I went back to my holes and caught another fish right away, also nice, but not like the hog I had just measured. Aaron still didn't have anything going. I gave him one of my tube jigs and my hole so he could have the best chance to get something going on.
Soon enough, more excitement came from the tent with those two guys (from Huntington) and they asked me to come and measure an even bigger fish. What?
Had it been a smaller fish I may have declined because I was just getting a bite in Aaron's hole (sad, right?), but an even bigger fish was too great to resist and I jogged over to them another time. They met me part of the way and I was aghast at the monster I saw.
The fish buried my measuring stick and we'll stay safe with 28"+ and it weighed 9lbs, 8oz!
Holy cow, what a fish!
Seriously the biggest cutthroat I've ever seen in person and from Joe's Valley! I always knew it had some nice fish in it, but no idea that they were there in numbers. Always catching smaller fish led me to believe that catching the bigger ones was a pure chance happening.
Back at my holes again, I caught a new personal best cutthroat within 10 minutes. It was a great fight and the slabby cutthroat took a few runs after letting me see how big it was. Once it finally breached, I was proud to hoist up my trophy for a couple of pics.
What a pig! Aaron worked my camera for a quick video of the release:
Talk about a great day on the ice! A little while later, I found my first of three splake on the day.
Aaron finally got a bite on his jaw jacker and pulled up a good sized spake, which was nice to see. His next fish was yet another splake, which was 21". Guess what hole that came from? Yep, my first one again.
Crazy how one hole was producing the best. To be fair, I caught fish from every hole except one of Aaron's, but the bite was noticeably better from that first one.
Nice fish. He held out for a big cutthroat that had to be in the cards for him and kept fishing. I kept fishing, but without any sense of urgency. My day was already made and I was happy to enjoy the beauty of a sunny day in Joe's Valley.
It took awhile, but Aaron hooked a solid fish in the lucky hole and a battle to the surface ensued. Finally, he had a cutthroat on the line! I was at the ready for measurements and also with my camera.
Yes! A 24" beast of 4lbs, 11oz filled his hands.
It was great to get that monkey off his back. The bite really died after that and the last couple of hours were very slow. I thought I might catch a fish I wanted to keep, but ended up with two more splake of about 20" or so.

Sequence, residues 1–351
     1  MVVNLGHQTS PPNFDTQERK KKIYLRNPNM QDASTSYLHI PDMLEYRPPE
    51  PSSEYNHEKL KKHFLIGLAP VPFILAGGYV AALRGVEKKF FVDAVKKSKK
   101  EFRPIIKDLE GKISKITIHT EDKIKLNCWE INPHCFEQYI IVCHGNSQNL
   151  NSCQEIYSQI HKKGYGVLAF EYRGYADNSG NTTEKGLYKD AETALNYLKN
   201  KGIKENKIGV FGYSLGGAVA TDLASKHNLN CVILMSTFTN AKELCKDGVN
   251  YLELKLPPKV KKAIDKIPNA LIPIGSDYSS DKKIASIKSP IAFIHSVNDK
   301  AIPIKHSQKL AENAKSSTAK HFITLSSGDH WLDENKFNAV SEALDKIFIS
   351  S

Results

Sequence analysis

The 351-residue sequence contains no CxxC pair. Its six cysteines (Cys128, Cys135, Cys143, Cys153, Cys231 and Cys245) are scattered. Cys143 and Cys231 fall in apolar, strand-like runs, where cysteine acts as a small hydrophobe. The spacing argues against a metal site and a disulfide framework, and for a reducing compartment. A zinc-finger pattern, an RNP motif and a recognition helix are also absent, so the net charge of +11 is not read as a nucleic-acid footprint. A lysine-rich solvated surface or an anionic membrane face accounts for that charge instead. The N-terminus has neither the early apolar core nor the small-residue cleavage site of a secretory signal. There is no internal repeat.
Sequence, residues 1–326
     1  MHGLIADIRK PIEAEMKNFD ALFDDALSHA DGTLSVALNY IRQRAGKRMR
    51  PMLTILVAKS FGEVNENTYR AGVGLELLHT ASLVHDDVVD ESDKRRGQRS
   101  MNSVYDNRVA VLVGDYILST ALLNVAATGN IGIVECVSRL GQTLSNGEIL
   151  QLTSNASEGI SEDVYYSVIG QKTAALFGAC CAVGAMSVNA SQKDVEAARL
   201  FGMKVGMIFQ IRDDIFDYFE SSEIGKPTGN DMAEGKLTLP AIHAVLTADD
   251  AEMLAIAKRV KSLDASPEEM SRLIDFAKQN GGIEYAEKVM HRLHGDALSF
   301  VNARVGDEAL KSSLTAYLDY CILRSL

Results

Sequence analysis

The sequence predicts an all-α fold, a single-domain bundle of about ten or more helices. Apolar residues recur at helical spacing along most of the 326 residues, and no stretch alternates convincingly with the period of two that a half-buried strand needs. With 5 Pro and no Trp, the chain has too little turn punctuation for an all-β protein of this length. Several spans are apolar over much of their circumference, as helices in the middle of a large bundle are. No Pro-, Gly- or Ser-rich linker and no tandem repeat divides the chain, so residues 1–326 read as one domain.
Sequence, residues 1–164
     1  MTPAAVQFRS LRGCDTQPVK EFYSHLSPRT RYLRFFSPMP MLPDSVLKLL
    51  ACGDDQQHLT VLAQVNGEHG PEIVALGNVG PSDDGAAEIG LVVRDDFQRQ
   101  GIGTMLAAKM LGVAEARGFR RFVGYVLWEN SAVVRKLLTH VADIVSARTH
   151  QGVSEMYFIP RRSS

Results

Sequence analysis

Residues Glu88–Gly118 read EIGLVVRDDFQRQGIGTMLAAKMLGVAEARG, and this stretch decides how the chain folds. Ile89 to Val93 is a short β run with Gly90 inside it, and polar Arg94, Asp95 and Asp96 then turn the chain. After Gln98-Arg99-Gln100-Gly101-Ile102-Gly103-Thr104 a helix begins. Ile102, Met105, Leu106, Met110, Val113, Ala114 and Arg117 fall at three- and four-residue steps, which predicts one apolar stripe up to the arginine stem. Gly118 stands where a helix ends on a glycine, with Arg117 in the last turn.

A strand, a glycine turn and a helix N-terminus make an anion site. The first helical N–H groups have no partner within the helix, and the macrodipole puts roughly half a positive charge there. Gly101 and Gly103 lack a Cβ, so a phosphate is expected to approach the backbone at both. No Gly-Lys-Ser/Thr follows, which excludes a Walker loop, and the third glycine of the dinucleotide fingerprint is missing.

As we debated on leaving, we were approached by a Conservation Officer who checked us out. He mentioned he had seen photos of the big ones those two guys from earlier caught, so he wanted to come and see how everyone else was doing.
It was actually refreshing to see some enforcement there, as I don't recall ever being checked at Joe's.
After that, the light started fading and we decided to leave, satisfied with one of our better days on ice. What an amazing day it turned out to be from a place I expected much less from.
This trip changes everything I thought I knew about JVR. Expect more from this place in the coming times.
Why not go jogging, hit the gym, start a garden or whatever it is that normal humans do? What's so fascinating about these slimy little creatures that live in the water?
Fishing is a bit more to me than a hobby or a sport. It's an essential part of life that helps me connect with the Earth in ways similar to the long-practiced traditions of mankind. Wherever man has had a water source, there has been fishing.
This is a photo of my kitchen blinds, through the bottom of a drinking glass.
Collect Neat Stuff?
Relic Mercantile might have just what you're looking for.
Travis Sylvester, of Travzart.com
Travis Sylvester is a local Utah artist, whom I've known for a few years. His artwork is sensational and he seems to improve with every new piece. He reproduced one of my cutthroat photos in colored pencil and it turned out great. Check out his website and click this pic.
While Googling trout images one day, I stumbled upon some art by A.D. Maddox and became a fan right away. Photos link to her site.